11. Mothersole Hadrian’s Wall Lane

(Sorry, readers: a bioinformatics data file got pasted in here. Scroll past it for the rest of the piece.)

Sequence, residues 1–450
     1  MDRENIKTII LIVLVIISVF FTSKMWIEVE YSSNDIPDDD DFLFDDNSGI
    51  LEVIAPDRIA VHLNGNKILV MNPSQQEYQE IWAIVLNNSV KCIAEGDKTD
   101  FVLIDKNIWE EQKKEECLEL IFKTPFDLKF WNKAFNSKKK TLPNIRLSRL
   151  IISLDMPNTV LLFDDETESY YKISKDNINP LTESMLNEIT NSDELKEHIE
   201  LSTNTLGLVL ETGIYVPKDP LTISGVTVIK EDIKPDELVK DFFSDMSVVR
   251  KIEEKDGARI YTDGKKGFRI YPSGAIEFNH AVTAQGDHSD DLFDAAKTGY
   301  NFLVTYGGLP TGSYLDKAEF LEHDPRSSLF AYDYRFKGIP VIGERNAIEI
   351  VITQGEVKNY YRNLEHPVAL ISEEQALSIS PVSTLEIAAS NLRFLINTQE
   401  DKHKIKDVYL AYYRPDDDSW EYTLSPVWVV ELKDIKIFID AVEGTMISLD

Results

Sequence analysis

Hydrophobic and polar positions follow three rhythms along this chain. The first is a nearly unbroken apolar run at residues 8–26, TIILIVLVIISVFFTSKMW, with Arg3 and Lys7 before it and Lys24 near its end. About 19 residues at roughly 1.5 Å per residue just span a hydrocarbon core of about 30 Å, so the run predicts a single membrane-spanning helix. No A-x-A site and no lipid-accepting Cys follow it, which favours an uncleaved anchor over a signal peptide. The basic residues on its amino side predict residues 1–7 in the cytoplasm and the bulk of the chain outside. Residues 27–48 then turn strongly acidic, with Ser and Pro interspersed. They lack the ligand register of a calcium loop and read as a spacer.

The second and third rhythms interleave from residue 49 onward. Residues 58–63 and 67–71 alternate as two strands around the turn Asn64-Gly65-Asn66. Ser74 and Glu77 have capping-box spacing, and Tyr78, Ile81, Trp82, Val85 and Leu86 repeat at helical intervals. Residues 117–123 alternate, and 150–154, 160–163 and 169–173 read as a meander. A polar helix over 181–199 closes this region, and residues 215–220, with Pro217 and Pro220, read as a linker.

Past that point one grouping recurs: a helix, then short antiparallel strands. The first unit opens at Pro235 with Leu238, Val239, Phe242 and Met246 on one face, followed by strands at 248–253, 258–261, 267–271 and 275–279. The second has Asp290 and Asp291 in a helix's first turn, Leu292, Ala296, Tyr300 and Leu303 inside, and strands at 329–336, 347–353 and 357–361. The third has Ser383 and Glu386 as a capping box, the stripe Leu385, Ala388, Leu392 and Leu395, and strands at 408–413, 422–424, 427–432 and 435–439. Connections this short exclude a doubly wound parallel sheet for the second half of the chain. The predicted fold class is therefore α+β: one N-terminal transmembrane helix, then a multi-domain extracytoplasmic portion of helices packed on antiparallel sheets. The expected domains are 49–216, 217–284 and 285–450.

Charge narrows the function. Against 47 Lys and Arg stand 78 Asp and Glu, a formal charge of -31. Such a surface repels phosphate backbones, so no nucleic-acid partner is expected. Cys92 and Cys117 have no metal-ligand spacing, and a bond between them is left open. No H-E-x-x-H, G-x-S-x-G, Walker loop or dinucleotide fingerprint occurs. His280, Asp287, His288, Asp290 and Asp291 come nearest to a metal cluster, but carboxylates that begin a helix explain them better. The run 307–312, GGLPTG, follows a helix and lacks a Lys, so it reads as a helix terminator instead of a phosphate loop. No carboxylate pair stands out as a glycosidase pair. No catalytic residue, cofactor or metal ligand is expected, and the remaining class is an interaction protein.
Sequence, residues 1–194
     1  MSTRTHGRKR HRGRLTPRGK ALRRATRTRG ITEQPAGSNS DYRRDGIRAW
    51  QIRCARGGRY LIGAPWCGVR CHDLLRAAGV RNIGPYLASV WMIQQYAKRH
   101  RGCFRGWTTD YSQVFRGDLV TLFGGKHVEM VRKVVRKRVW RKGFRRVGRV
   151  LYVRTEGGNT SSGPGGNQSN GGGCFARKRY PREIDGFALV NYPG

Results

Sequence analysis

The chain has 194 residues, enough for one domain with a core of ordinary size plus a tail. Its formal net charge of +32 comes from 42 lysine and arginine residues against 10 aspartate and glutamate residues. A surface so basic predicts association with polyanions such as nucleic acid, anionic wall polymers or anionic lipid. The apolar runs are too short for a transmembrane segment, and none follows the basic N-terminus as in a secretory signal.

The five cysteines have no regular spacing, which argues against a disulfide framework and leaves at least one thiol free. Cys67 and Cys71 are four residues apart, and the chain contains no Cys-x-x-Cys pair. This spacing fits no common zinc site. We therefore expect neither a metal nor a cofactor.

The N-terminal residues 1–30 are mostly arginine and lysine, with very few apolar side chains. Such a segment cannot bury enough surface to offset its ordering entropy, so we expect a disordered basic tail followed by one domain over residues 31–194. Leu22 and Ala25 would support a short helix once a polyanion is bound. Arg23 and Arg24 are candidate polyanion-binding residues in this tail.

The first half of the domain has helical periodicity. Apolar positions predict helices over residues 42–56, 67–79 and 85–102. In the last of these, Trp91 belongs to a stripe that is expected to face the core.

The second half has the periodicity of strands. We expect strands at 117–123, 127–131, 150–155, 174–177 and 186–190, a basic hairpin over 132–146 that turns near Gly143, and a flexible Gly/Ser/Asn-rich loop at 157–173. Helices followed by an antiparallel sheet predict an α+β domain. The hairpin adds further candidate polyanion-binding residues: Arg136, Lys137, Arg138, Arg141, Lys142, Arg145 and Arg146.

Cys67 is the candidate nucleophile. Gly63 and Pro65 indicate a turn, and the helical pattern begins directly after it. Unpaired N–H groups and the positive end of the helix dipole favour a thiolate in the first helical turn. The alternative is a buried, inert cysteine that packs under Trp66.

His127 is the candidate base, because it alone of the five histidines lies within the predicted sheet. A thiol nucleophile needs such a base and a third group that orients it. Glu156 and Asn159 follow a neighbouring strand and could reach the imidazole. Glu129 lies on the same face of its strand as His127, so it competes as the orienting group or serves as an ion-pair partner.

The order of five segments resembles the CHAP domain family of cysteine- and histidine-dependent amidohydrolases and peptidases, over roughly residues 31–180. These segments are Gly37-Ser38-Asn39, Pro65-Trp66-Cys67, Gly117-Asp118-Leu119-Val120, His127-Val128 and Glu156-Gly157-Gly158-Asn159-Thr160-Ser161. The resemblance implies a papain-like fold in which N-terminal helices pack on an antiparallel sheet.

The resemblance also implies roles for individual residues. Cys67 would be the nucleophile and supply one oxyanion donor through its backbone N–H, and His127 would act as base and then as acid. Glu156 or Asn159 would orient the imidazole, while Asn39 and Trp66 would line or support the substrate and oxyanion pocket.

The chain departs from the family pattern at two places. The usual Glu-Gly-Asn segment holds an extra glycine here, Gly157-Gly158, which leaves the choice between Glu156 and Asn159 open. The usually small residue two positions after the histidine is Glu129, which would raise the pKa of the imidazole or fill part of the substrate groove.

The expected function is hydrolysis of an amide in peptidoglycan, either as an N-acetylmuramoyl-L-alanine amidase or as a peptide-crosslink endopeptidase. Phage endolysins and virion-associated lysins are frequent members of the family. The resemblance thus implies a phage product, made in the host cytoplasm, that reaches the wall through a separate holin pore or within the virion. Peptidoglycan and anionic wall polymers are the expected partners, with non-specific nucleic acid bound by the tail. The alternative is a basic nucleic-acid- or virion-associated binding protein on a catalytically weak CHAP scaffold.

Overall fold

This rather endearing little book provides a fine contrast to Mark Richards’ guide to walking the Wall and belongs in a tradition of early tourists’ accounts of travelling along Hadrian’s Wall that began with William Hutton. She even gets mentioned in Hingley’s book (No.9), for her pains. Jessie Mothersole was a peripatetic watercolourist and illustrated her own books, which are rather gentle accounts of her journeys (mainly through Roman Britain, Hadrian’s Wall being just one of them). It is Jessie who proves that The Wall Weed in Sycamore Gap is not now in its original position (which was in the small circular stell behind the Wall) and has subsequently crept over to its present vandalising location. You can buy her book if you wish but it is in fact freely available at the Internet Archive if you don’t mind reading online or in an ereader. If you want a dead-tree version (some do), it is best to buy a secondhand copy as the ‘new’ books are all print-on-demand reprints of varying quality and may not render the colour plates in the original and all-important colour.